There’s nothing more offputting than a confusing, badly organized website which makes it a chore to find and do what you want. In fact, with so many competitors in every niche these days, we would go as far as to say if your site isn’t user-friendly, you’re toast from the get-go.
But what exactly makes a site user-friendly? We visited and analyzed hundreds of sites and came up with the following list of essentials for a user-friendly website.
Building a User-Friendly Website
1. Get to the Point, Time is Money!
If your visitor clicked a Facebook ad, a search engine listing or a contextual backlink from another website, they did so with some sort of expectation.
Let’s say, for example, that your website is about comparing car insurance quotes. Do you think your reader wants to read a wall of text on what makes a great car insurance policy or do you think they would prefer a handy tool with a few text fields as possible which they can then click and get an instant price comparison?
It’s easy to figure out which would be more user-friendly – the one which does what it actually leads you to expect before you click through.
If you make your user’s life difficult by making them navigate through several pages before they get where they want to go, expect your bounce rate to skyrocket and your web venture to fail.
Get straight to the juicy stake – websites, unlike dining, do not require starters.This car insurance comparison site – GoCompare.com – is a perfect example of what we mean.
2. Pay Attention to Colour Scheme & Font
You’ve probably heard the term contrast before and it is important when building a website.
You DO NOT want yellow text on a red background unless your aim is to blind your reader. You do want black text on a white background, with some colour in the menus and visuals such as photographs.
It’s also important not to assume your visitor has perfect 20/20 vision. Make the font big enough that anyone can read it and make sure to stick with common fonts like Arial and Verdana.
These may not be exciting but they are used by the vast majority of websites for a reason.
3. Keep It Simple & Minimalist in Design
Have you ever visited a website and been greeted by three popups, for gifs in the menu advertising different products, and a video ad which starts automatically?
There’s nothing more off-putting and your user will bounce away quickly to a competitor’s website if you ‘cram’ elements in. We’ve visited several sites that could induce an epileptic fit in vulnerable users – needless to say, this is not what you are going for.
Think about how relaxing places like massage parlours and yoga studios are designed and implement those realizations on your website. You want to relax your reader and guide them on a journey through your site to where you want them to be.
Cut the clutter, hire a professional web designer at Upwork.com and keep it as simple as possible.
4. Think Menus & Navigation Out Before You Build
We are aware that websites grow, evolve and change over time but the menus which offer your users various options (articles, reviews, products) should not change too much.
This is only possible if you plan them right from the beginning. You should think about what your website is about, list the main site categories, and then keep the sub-menus to just a few in each case.
The best menus offer four or five options per category maximum. The last thing your user wants to see is a dropdown menu with 48 different options. This leads them to feel overwhelmed and again, they will click X and go elsewhere.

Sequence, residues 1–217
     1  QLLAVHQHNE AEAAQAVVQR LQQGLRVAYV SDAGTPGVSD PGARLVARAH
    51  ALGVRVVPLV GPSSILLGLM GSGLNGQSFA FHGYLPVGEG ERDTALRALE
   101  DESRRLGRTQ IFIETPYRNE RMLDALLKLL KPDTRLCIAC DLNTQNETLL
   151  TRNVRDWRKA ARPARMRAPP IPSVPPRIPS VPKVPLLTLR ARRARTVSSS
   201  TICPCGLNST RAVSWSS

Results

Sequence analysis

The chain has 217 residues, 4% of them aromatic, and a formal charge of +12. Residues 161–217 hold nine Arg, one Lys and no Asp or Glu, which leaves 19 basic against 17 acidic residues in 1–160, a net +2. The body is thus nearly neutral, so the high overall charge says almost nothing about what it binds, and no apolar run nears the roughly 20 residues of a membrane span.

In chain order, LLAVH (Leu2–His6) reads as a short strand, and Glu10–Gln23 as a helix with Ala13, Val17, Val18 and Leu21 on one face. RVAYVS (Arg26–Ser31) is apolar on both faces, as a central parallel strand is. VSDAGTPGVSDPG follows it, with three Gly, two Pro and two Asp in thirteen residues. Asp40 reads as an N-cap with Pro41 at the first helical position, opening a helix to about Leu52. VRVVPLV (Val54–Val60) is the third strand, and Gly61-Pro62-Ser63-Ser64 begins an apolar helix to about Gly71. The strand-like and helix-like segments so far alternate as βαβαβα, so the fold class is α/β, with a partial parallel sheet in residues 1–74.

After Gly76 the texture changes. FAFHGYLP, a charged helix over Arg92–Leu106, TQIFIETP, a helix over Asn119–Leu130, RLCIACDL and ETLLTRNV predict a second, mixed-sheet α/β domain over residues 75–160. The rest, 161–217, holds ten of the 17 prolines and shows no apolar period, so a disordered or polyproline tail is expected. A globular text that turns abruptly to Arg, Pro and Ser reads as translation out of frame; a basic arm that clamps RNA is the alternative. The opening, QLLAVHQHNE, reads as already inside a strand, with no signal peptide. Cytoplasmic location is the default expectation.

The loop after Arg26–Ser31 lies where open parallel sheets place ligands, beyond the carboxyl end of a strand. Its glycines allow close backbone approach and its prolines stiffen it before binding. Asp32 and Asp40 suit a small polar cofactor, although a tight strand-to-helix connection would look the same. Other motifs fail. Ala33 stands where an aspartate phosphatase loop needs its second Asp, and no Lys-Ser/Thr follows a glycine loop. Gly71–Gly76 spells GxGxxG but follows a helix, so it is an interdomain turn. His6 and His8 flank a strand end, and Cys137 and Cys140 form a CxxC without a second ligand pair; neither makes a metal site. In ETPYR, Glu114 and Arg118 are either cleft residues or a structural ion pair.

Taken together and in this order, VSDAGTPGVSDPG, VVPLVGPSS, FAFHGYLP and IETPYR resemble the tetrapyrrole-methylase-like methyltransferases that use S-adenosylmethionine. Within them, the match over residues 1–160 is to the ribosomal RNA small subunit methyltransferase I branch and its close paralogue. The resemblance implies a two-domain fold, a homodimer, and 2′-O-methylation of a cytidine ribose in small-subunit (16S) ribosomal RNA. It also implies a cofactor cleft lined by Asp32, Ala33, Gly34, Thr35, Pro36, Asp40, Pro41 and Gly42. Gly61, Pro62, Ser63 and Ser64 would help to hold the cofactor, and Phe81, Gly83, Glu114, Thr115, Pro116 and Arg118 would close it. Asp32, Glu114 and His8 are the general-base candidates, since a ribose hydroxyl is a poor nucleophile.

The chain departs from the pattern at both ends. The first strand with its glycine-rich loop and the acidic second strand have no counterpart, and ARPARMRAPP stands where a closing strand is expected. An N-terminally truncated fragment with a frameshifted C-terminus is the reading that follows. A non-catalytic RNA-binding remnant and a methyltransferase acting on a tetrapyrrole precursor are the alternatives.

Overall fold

Look at the menu on the right on this casino review site – Nettikasinotsuomalaisille.com – it’s simple, to the point and has all the necessary information to take the user where they want to go with ease.
Since menus fall into the category of navigation we will also mention another crucial point here – build ‘back’ buttons and make it that your user can find their way back to where they came from on your site if they don’t like what they see.
5. Use Common English a Grade Schooler Could Read
So you have a masters degree in English literature, do you? Guess what – the user doesn’t care and likely doesn’t have one herself.
The actual copy and content of your post on your site will have a huge impact on the overall user experience. You don’t want to greet dog grooming enthusiasts with long, academic sounding sentences or paragraphs of text 20 lines long.
Here are a few quick tips for an effective copy:
- Use simple English – write for grade schoolers.
- Hire a professional writer – it will pay off dividends.
- Spell check everything twice – typos ruin your credibility.
- Keep sentences & paragraphs short – text walls scare people.
- Use images & videos – some people hate reading.
6. Don’t Forget Mobile is Both Present & Future
If your website is not mobile friendly, Google is going to knock you down into oblivion and mobile users are going to click your ads, which you will pay for, and leave your site within seconds.
If you need to hire a professional, it is well worth the investment. Enable AMP pages, optimize load speed, and visit the site on a variety of mobile devices like phones and tablets, testing out the experience for yourself.
CNN.com is a great example of a well-designed mobile site. It’s simple, to the point and mobile friendly. Since mobile users are now the majority online, you have to get with this or get left behind.
These are just a few tips for getting things started. You will constantly fine-tune, tweak, and edit your site as you go, and that’s a good thing. Running a site is an exercise in endless improvement and development and you will learn much more as you go.
If you implement the above advice you will be off to a flying start and will be ahead of most of the competition.
What else would you say about creating a user-friendly website? We would love to hear from you in the comments!